Live From Rio 2016: Aldea Solutions Helps Broadcasters Around the World With Signal Transport
A number of broadcasters from around the world are making use of Aldea Solutions and the company’s managed transmission services that make use of fiber and partner teleport facilities to help improve 2016 Rio Olympics operations and signal transport.
“Each customer has a tailored solution,” says Aldea Solutions CEO Lionel Bentolila, who is on hand at the Olympics IBC with a team of 10 staffers. “Some just have a few circuits that are less than 1 Gbps while others are using circuits up to 10 Gbps. We are also complementing some of the fiber services with satellite-based services. It’s a big setup.”
The company has approximately 35 flight cases full of encoders, decoders, data circuits, and monitoring equipment located throughout the IBC with a variety of clients, including Latin American broadcasters and Canada’s CBC. In addition, another 20 or so similar units are sited at locations around the globe to complete the transmission circuit.
“We have a very wide range of users, with some that are simple and others that are quite complex with multiple sites of redundancy,” says Bentolila. “And remote production is being used more, so it’s interesting to see how different clients have tackled the Olympics. For some, for example, data is important, and audio is always a challenge as it requires a lot of coordination of the lines.”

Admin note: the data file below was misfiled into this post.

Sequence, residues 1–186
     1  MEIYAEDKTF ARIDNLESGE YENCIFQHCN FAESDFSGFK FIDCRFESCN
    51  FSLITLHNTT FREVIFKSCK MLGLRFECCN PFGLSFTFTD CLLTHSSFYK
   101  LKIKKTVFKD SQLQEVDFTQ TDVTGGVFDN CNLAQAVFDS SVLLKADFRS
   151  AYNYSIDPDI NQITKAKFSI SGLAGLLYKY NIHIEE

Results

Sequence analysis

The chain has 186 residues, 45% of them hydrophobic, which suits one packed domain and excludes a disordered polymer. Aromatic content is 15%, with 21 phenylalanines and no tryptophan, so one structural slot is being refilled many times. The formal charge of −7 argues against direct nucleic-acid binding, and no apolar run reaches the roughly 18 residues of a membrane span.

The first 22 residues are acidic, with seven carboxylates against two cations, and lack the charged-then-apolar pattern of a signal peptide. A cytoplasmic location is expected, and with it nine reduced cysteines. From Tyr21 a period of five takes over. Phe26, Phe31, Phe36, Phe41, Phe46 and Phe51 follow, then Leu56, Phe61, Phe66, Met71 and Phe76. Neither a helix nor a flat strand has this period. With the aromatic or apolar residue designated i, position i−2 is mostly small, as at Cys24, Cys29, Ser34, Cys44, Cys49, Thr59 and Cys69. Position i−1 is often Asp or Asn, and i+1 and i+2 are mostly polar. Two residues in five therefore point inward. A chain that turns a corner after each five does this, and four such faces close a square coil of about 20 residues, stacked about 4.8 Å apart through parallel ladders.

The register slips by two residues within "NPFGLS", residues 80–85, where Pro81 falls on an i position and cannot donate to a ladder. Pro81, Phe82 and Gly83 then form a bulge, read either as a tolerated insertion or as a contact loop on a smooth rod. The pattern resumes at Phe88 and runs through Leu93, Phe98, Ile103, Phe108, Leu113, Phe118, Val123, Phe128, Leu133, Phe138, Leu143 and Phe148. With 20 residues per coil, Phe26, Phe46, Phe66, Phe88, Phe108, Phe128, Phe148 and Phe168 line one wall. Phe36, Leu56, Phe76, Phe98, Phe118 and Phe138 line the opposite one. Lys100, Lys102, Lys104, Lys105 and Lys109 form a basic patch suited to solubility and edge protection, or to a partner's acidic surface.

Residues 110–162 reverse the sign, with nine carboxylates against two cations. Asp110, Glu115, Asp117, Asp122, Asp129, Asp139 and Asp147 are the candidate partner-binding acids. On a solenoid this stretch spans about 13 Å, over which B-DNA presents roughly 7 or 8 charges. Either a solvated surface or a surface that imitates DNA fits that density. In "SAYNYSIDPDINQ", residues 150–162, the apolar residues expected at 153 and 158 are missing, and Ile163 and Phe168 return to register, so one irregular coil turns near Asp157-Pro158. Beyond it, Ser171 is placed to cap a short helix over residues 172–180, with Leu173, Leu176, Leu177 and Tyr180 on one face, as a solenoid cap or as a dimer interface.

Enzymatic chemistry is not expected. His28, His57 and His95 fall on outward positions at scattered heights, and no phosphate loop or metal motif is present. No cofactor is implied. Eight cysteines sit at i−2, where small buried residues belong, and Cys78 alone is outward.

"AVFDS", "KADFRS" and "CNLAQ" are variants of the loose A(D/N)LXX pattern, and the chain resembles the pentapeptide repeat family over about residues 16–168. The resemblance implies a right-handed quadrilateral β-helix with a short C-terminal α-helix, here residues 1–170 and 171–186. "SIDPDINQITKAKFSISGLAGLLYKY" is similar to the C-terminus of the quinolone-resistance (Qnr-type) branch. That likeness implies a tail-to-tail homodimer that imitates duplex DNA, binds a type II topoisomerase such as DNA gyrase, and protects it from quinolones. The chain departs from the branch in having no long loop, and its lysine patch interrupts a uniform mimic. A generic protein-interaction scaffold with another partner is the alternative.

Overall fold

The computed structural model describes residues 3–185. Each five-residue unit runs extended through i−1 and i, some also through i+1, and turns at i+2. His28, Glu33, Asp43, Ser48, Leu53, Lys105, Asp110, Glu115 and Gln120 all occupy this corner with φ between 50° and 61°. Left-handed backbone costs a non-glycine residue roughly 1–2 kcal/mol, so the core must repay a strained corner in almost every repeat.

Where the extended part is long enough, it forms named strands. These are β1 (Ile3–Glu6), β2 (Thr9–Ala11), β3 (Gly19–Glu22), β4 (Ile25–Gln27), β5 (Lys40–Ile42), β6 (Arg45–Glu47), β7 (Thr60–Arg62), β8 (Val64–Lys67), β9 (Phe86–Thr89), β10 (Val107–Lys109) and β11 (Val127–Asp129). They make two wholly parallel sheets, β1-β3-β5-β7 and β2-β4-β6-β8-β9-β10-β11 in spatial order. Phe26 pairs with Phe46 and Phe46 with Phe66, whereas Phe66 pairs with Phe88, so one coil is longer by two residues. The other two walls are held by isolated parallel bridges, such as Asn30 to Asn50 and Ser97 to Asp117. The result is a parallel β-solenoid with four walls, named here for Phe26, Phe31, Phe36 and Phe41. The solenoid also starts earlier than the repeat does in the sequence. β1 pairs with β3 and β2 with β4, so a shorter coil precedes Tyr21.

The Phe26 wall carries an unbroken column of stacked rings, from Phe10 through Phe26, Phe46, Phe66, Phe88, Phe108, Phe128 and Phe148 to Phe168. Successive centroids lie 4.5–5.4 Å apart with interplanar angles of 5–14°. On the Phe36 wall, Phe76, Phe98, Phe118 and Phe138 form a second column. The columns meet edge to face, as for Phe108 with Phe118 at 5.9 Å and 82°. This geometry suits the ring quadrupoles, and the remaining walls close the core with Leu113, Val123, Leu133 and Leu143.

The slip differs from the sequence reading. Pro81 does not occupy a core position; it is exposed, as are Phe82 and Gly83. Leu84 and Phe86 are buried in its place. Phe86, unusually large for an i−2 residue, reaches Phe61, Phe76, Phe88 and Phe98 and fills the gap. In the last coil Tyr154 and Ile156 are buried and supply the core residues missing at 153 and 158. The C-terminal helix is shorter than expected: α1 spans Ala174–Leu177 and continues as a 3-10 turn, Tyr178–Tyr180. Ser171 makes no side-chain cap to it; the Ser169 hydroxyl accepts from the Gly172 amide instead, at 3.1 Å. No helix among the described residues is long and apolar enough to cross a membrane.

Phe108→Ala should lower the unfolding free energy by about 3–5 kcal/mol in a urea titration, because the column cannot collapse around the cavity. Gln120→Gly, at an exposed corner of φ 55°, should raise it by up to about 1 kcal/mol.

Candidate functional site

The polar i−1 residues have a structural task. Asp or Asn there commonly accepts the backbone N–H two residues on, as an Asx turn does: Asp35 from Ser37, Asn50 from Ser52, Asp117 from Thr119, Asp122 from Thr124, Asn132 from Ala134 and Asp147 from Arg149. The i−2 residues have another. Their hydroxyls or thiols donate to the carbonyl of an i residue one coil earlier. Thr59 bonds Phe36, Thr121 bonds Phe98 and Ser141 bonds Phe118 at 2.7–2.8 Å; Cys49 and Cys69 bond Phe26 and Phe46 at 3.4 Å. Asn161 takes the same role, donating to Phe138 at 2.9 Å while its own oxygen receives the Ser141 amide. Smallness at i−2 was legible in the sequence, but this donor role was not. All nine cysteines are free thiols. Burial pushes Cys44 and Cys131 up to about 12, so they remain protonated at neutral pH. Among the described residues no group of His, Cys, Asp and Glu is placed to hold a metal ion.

Bentolila says broadcasters are becoming more and more interested in data services but are still using a lot of traditional ways of doing things.
“They still like to be here and have people onsite,” he explains. “But the Olympics used to be one studio, one control, and one technical area. Now there is a whole combination of things.”
Aldea, he says, is ready to meet those evolving needs and will even evolve to meet new needs. For example, the company installed three points of presence in the Rio area just for the Olympics.
“We have diversity of fiber from multiple providers here in Rio,” he adds. “And some of our clients are happy with just a few MPEG-4 circuits while others have multiple JPEG2000 signals.”